• This is the abstract method to this abstract class, it is invoked through the creation of the _task, and is the “thing” that needs to be implemented within the implementations of this class.


This is a class that was more or less copied from here. Its intended use is to limit the amount of work that can be performed at any one time as it relates to the work queued against this scheduler.

Without making use of this scheduler, queueing a massive amount of work on the “normal” scheduler quickly overwhelms the Orleans silo in such a way that there are no resources available to accommodate the asynchronous messaging calls required for Orleans to operate. Using this scheduler, at some configurable level under the “amount of work that conceivably be done concurrently”, the Orleans cluster is able to continue asynchronous communication, while also performing these long running tasks being worked through the limited concurrency task scheduler.

Not the package

Aside from the package itself, the repository has a few other projects:


a “sample” implementation of a set of Orleans grains, as well as the cluster hosting. In this project, several long running grains are implemented and registered to the Orleans silo. Those grains are then exposed through api endpoints, or are used as a means of testing some of the logic of SyncWorker<TRequest, TResult> within the Orleans.SyncWork.Tests project.

This project exposes an Orleans Dashboard, as well as SwaggerUI, for keeping an eye on the test cluster and invoking calls to the API respectively.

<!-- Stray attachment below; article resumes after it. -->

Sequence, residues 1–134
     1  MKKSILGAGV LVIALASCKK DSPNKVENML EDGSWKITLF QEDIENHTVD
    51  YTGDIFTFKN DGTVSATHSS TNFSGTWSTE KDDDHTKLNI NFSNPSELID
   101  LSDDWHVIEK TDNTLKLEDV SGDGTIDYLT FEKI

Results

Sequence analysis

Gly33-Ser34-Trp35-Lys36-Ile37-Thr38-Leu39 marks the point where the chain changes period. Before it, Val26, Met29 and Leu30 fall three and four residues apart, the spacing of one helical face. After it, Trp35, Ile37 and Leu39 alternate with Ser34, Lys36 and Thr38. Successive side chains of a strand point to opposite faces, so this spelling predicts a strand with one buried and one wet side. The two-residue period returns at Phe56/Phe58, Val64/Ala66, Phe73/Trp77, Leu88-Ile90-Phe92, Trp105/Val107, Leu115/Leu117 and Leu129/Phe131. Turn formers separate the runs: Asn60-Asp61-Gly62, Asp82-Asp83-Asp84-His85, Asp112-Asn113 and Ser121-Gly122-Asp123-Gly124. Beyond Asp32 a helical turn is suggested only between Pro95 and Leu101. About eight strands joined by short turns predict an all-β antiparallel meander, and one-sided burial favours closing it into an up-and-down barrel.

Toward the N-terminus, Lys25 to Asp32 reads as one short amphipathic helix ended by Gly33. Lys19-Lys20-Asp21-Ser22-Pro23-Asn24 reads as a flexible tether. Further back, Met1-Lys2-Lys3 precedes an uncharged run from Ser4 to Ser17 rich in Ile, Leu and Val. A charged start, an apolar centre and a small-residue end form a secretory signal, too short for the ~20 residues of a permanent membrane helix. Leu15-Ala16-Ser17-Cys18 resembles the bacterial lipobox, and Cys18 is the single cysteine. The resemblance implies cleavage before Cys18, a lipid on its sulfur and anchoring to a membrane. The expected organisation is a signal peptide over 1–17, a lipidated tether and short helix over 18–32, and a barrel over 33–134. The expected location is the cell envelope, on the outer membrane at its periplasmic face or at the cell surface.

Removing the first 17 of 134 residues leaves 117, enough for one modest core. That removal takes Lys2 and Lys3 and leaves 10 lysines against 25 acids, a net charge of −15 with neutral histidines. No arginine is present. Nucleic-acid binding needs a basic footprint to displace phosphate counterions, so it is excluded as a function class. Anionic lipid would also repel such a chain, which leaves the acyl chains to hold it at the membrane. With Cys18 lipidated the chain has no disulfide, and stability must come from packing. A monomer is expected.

The dashboard depicting 10k grains being fired off simultaneously


A Benchmark project has been set up to get an idea of the timing differences between serial execution, Parallel.For, and the parallel execution offered through the SyncWork<TRequest, TResponse> implementation. The latter can be slower then Parallel.For, but faster then the serial execution - though keep in mind this benchmarking testing is done completely locally, where in a real world scenario, you’d be bringing up multiple silo hosts to make up a highly available cluster. At this point it stands to reason that the functionality exposed by this package will far exceed the performance accomplished with a single machine.

An initial running of the benchmark gave the results:

Method Mean Error StdDev
Serial 12.284 s 0.0145 s 0.0135 s
MultipleTasks 12.274 s 0.0073 s 0.0065 s
MultipleParallelTasks 1.723 s 0.0185 s 0.0144 s
OrleansTasks 1.118 s 0.0080 s 0.0074 s

Though keep in mind this can be further improved with an actual cluster of orleans silos, rather than just my one locally.


Unit testing project for the work exposed from the NuGet package. These tests bring up a “TestCluster” which is used for the full duration of the tests against the grains.

One of the tests in particular throws 10k grains onto the cluster at once, all of which are long running (~200ms each) on my machine - more than enough time to overload the cluster if the limited concurrency task scheduler is not working along side the SyncWork base class correctly.

Wrap up

So that’s it. This is quite a bit simpler of an implementation that I ended up originally making for work. The same basic idea is there, but the abstraction is quite different, if it holds up well enough, maybe using this package will be in order!

You can use this package to enable your Orleans cluster to handle your long running sync work, like 10s of thousands of crypto calls!

do it